I was hired by Ink & Switch to conduct a study into the audience of generative art creators, particularly those who use Processing (generative art is, basically, making art through computer programs). The research was intended to be broad and exploratory, but a key aspect was identifying unmet needs, e.g. pain points with existing tools or user segments that were not well-served.
We defined the following research questions.
How do makers of generative art label themselves? What keywords do they use?
Is there a single audience of people known as "generative artists” or many subgroups?
Is it a hobby, a side gig, or a full-time job?
What is their skill level?
Do they see themselves as artists, programmers, or something else?
What is their motivation for learning Processing or other generative art tools?
What is their creative philosophy?
What are their long-term aspirations?
Experiences with generative art
What are the biggest barriers to new artists getting started with Processing?
What tools do they use today? What computing platform(s) do they use?
What tools have they previously tried?
What are their biggest pain points with their existing tools?
Where and how do they publish their work?
I first explored the domain online, looking at:
General information about generative art and its history
Communities where generative artists hang out (Conferences, message boards, etc.)
Tools currently in use, tutorials about them, and details about their creators
High-profile people in generative art
I also sought individuals who had written or talked about their experiences with generative art, and processed their information similar to user interviews.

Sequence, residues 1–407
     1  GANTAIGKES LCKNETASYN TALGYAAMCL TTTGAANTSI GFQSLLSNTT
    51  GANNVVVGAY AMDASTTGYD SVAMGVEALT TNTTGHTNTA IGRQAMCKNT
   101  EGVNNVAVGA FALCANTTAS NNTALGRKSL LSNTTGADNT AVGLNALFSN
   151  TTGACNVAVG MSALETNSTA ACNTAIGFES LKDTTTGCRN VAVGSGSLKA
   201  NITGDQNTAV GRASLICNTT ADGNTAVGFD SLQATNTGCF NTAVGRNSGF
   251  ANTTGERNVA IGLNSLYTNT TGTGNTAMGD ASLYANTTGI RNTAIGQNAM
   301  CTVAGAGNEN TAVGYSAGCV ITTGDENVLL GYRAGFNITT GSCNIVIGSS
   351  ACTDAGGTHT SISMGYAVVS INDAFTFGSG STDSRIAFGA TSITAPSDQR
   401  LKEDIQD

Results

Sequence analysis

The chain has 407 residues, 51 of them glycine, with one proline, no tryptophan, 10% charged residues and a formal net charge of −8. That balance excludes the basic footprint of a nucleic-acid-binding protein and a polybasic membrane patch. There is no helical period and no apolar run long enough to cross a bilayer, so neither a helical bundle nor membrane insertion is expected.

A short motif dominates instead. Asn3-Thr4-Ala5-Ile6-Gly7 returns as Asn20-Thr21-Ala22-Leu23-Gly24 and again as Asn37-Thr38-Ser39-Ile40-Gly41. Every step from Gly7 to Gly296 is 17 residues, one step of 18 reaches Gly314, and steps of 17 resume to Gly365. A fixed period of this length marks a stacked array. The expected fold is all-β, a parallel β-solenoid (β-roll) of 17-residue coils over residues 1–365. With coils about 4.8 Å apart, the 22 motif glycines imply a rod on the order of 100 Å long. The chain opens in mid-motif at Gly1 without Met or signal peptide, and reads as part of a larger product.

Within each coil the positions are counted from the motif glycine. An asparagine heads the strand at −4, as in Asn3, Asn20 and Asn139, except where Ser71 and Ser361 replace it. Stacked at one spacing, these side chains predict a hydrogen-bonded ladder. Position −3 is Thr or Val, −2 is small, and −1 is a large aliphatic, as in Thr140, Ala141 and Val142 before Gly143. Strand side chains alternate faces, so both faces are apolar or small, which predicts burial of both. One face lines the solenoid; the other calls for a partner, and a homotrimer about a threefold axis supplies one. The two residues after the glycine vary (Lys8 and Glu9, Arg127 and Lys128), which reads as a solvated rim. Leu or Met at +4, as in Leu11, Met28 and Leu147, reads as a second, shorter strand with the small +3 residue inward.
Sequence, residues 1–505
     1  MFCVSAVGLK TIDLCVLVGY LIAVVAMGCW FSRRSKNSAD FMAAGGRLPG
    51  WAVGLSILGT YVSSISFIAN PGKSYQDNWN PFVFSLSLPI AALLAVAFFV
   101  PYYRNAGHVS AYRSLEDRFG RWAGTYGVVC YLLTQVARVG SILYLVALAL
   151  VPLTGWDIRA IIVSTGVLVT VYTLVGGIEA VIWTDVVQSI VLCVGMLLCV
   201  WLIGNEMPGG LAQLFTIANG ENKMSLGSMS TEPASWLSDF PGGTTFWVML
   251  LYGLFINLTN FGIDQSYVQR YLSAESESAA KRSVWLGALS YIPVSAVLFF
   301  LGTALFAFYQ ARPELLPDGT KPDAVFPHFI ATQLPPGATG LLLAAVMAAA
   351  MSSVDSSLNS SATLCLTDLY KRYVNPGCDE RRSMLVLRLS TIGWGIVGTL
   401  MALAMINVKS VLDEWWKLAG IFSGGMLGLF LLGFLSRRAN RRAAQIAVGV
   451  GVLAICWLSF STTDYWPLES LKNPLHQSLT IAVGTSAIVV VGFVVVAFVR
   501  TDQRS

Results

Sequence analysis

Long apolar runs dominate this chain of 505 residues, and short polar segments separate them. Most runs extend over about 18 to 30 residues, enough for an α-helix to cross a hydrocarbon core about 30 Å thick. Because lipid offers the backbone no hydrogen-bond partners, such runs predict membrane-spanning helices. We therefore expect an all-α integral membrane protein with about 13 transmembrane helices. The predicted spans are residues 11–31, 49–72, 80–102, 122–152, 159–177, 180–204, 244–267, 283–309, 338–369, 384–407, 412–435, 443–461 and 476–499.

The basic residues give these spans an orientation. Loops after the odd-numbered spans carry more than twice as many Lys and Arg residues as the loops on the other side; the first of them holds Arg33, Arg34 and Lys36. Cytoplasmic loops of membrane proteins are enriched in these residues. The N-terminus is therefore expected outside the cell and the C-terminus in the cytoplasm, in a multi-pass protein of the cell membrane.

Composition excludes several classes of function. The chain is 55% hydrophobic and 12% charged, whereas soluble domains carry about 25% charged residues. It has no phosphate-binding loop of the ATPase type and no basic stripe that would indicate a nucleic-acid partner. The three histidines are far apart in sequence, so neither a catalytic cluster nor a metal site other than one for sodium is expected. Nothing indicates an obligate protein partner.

Based on the goals of the project, we chose to recruit participants who had created generative art as a hobby, but were not experts or professionals. I spoke to five people about their experiences with generative art: two were friends of the client, two were recruited from design social networks (Dribbble and Behance), and one was recruited from the Processing.org forum.
I processed the collected data using an affinity diagram in an online tool. I broke down each set of interview notes into chunks of data, which I wrote on note cards in the tool. I then moved the note cards around the digital whiteboard, looking for patterns and similar sentiments. I gave labels to the groups of note cards that emerged. These labels and their supporting evidence (the note cards) eventually became the set of insights presented here.
I can't share the details of my findings here, but broadly they showed the key pros and cons of the most prominent generative tools (Processing, p5.js, and OpenFrameworks), the importance of publishing work online, the fact that many users are generative artists as a hobby and designers as a day job, and that their needs are not being fully met.